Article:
Stories are teachers that entertain and inspire. We are storytellers all of us.
Feeling some feminist fiction in my future.
"When I was creating the futuristic world of Zeroboxer, I thought about what kind of future I wanted to portray. More accurately—what kind of future would be plausible. Because any plausible future that extrapolates from our society today would be a diverse one." –Fonda Lee
I'm digging all of this author's points about diversity in science fiction. Check it --> Envisioning a Diverse Science Fiction Future
This guest piece on Book Riot is great food for thought on challenging the girl book/boy book binary.
Smith's process for selecting his Top 8 is somewhat similar to how I base my Goodreads ratings. 5 stars are very few and far between, but worth the journey finding them.
Author Jefferson Smith had a great idea, and of that idea was born the Immerse or Die Bundle.
Every morning, I get on my treadmill, open a new indie fantasy or science fiction ebook, and start my morning walk. Any book that can hold my attention for the duration of that forty minute stroll gets labeled a survivor. But getting there is not easy. Every time I read something that breaks my immersion in the story—bad grammar, inconsistent worldbuilding, illogical character behaviors, etc.—the book earns a red flag, called a WTF. If I find three WTFs before I finish my walk, the clock stops, the book closes, and I ruminate on what went wrong.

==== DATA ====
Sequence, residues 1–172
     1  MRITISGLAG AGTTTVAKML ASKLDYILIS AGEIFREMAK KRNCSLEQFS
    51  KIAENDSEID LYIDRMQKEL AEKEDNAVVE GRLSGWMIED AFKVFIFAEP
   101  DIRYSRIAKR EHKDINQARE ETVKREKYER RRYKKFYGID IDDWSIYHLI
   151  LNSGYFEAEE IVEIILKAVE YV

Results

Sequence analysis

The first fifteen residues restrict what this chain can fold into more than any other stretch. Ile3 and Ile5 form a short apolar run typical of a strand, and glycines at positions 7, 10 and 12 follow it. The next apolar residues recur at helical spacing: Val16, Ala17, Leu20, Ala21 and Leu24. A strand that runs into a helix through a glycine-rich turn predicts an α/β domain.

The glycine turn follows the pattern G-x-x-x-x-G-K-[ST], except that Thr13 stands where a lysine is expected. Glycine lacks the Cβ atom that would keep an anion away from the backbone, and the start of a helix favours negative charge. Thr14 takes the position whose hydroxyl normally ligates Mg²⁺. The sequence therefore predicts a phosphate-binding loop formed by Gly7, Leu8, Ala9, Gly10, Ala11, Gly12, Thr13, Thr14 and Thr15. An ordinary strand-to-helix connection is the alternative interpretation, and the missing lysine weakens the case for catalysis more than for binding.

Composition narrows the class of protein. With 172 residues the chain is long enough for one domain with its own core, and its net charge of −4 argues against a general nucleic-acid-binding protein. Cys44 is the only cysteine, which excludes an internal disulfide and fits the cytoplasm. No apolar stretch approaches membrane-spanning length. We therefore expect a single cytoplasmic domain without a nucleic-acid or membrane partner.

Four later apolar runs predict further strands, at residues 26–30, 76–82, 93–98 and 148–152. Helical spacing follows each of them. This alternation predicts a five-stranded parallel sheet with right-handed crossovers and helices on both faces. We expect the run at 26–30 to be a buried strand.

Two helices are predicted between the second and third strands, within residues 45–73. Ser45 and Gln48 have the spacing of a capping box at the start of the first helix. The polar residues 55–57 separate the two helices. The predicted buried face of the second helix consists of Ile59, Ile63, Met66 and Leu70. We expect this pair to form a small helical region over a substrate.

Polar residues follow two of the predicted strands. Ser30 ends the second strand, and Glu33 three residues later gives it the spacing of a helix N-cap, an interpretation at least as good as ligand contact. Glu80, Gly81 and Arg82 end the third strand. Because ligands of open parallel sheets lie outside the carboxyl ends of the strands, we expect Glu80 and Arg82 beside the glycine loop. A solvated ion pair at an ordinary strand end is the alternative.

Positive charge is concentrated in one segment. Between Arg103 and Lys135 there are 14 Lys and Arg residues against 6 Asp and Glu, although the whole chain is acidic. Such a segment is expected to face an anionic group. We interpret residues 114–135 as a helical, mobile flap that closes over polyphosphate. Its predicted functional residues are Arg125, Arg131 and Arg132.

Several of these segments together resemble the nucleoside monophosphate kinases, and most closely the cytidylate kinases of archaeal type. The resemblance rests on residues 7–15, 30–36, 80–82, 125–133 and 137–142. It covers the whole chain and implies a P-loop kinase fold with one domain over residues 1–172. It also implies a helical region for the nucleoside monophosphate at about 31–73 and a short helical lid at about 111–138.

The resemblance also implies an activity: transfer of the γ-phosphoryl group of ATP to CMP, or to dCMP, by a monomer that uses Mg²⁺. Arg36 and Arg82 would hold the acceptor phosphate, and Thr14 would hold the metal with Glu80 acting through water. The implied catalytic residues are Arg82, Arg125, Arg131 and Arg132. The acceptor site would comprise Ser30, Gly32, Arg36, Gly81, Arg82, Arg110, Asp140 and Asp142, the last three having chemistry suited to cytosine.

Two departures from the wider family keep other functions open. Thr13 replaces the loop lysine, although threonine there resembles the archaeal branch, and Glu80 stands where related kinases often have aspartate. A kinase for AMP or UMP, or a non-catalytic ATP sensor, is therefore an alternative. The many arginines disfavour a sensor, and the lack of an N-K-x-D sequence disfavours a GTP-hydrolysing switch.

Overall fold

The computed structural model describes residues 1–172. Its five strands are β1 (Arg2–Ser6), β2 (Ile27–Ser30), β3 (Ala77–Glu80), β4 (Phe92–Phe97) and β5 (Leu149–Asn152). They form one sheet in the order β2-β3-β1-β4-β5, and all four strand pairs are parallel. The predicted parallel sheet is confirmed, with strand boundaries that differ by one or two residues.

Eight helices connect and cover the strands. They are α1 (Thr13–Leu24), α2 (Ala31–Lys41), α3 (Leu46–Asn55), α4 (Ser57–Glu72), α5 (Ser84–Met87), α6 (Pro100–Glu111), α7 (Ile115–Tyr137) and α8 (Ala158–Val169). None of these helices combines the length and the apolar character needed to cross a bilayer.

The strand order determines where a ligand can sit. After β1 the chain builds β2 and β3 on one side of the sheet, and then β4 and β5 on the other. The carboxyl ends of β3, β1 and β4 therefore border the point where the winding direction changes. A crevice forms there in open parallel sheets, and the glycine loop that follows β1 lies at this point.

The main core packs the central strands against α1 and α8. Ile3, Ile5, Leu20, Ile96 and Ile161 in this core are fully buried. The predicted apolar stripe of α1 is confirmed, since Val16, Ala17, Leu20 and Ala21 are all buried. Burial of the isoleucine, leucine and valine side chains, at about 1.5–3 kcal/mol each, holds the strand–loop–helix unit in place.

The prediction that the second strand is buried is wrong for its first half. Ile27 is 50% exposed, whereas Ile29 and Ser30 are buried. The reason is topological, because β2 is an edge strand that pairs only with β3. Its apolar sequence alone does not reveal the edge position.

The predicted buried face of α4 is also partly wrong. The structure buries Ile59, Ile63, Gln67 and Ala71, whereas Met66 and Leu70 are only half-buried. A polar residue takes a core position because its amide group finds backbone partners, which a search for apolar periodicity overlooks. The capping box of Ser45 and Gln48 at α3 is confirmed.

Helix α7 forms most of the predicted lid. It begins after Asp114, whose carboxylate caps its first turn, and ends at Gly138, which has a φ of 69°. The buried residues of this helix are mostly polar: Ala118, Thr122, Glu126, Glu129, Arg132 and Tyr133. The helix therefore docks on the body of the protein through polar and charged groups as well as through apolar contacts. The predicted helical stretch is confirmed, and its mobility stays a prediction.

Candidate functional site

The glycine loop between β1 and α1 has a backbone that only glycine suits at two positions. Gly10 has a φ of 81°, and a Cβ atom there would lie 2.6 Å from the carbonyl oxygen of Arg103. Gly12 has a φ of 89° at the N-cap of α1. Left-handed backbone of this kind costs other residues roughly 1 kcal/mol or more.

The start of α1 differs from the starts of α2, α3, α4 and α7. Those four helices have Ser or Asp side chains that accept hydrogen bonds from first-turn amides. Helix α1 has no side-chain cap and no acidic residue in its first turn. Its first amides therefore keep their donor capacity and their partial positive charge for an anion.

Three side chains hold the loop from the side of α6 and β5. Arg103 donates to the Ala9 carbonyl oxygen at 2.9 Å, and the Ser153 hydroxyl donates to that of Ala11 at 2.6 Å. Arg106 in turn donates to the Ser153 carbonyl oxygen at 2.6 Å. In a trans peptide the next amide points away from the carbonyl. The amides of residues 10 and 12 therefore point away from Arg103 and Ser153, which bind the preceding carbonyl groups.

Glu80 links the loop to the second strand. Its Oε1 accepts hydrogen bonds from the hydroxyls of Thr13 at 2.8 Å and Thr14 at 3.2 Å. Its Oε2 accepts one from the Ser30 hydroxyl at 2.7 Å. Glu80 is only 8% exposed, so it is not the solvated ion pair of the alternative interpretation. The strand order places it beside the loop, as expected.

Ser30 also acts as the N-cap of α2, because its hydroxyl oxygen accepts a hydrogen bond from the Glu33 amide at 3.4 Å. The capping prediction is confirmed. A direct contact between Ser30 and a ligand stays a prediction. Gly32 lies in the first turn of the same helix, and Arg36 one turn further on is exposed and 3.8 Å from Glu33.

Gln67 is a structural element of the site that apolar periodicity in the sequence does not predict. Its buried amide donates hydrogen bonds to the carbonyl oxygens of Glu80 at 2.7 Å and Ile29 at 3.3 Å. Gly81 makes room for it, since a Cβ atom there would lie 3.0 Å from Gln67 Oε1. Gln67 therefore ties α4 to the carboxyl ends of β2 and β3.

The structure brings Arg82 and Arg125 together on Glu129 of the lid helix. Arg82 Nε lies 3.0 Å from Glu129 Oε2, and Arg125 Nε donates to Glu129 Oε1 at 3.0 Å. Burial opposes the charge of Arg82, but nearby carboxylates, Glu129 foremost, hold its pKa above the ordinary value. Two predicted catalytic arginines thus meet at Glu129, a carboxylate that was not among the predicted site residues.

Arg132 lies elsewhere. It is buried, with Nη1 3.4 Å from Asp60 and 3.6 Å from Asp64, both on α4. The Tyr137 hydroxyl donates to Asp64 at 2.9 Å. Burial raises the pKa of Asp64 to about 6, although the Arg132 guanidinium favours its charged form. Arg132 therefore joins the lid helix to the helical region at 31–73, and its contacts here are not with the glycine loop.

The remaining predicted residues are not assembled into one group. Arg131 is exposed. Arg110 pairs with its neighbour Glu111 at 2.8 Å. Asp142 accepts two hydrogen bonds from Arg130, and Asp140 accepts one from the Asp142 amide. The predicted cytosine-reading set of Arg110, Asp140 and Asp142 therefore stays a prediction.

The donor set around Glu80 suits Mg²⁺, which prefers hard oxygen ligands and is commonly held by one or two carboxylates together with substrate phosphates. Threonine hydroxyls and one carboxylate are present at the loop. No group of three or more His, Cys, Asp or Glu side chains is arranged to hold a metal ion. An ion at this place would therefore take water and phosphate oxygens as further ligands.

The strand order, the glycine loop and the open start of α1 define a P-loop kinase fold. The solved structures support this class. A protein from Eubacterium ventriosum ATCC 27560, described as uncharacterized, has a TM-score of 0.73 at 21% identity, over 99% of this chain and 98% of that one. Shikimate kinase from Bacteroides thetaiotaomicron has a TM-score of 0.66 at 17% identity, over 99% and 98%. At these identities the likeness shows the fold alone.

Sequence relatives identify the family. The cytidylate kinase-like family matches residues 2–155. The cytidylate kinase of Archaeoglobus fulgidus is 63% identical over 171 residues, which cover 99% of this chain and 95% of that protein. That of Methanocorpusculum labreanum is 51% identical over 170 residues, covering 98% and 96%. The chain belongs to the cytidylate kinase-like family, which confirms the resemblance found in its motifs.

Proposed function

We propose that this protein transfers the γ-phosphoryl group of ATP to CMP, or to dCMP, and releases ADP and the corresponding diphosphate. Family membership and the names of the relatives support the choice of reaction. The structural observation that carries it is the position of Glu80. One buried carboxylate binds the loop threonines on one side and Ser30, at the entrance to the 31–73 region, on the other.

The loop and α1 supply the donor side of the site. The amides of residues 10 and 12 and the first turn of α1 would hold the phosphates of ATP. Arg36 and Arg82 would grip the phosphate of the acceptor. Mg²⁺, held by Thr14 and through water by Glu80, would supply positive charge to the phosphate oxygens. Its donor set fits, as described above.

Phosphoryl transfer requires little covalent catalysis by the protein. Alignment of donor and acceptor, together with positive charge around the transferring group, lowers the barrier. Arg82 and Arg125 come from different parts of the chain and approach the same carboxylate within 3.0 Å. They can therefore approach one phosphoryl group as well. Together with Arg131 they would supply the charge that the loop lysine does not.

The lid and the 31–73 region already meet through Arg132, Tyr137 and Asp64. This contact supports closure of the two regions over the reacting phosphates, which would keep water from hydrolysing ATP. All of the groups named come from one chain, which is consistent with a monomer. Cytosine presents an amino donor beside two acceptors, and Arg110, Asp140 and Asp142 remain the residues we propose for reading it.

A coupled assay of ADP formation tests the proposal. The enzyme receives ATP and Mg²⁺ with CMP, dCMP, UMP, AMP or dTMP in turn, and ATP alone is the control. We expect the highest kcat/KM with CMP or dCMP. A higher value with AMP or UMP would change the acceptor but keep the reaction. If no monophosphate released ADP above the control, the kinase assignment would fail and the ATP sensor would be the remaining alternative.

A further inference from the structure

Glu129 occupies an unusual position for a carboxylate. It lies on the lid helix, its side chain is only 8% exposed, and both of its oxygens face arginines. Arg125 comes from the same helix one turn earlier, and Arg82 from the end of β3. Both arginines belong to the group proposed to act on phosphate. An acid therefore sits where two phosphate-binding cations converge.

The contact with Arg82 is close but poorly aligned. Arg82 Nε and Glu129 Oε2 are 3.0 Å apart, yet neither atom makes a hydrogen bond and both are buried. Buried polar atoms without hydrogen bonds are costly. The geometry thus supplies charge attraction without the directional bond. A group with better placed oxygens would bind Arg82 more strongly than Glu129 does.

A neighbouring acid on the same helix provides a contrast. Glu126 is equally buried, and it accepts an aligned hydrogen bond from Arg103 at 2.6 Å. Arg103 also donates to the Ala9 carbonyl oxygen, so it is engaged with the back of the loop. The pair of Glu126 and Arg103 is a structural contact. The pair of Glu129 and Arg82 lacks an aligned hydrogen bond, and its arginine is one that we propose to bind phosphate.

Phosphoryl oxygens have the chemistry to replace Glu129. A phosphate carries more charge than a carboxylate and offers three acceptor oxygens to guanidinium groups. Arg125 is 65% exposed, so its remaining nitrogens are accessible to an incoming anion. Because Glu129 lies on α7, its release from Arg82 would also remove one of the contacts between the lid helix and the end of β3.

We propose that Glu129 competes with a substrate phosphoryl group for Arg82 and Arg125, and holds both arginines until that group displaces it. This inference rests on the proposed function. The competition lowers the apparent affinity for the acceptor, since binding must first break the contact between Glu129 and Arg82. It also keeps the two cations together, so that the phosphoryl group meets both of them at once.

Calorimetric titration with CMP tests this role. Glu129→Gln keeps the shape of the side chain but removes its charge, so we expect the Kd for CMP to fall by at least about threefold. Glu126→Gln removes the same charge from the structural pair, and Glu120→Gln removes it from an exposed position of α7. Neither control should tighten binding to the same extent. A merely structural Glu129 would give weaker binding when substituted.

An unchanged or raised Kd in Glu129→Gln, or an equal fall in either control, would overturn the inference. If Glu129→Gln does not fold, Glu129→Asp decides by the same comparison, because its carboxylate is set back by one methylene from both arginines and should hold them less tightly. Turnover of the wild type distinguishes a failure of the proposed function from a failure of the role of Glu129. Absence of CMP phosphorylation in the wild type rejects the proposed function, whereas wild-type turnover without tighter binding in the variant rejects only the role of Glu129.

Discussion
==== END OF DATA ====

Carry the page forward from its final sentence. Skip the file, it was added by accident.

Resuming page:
After surviving the first round, those thirteen survivors were then run through a second gauntlet as well. To survive that round, they had to do more than simply avoid WTF triggers. They had to grab my attention and hold it, and then deliver a complete and satisfying story. Not just clean production, but an entertaining read. And not just for forty minutes either, but for the entire book. What I was left with at the end of that second round was the collection of eight books you see here today, snatched right out of the fury of that indie firehose. – Jefferson Smith
He read a total of 114 books in order to find the eight very best to feature in this bundle
I've only read two of the Top 10. Better up my game!
Rest in peace, Eduardo Galeano, an Uruguayan writer of poetic resistance. Looking forward to reading his "Book of Embraces" that I just put on hold at the library.
From hating each other to wedding bells, Ty and Zane have had quite the emotional journey and this book is a toast to that. As a standalone, it doesn't have the best storytelling or pacing. Much of the plot feels like it's on fast forward mode while the touching character moments are on slow-mo. But that's what this book's purpose is, no? To see cameos of all the series characters amidst what is truly an homage to how incredibly far our two heroes have come in their relationship. There's no hiding their love in this book. That in itself is a real win.
"How do you feel about helicopters?"
There was a long pause. "How do you mean? Ethically?"
"As a mode of transportation."
"Faster than camels, but less sustainable."
–The Raven Boys
Still more than five months until the final installment of The Raven Cycle series. My patience is getting a good workout!
Typically I'm a chronological snob and must do things in order rather than race to the good parts. You can't enjoy the meat (err..entree, I'm a vegetarian) without the savory slow cook. You know those people who read the last sentence of a chapter/book before beginning? Or start a TV series in the middle? Blasphemy!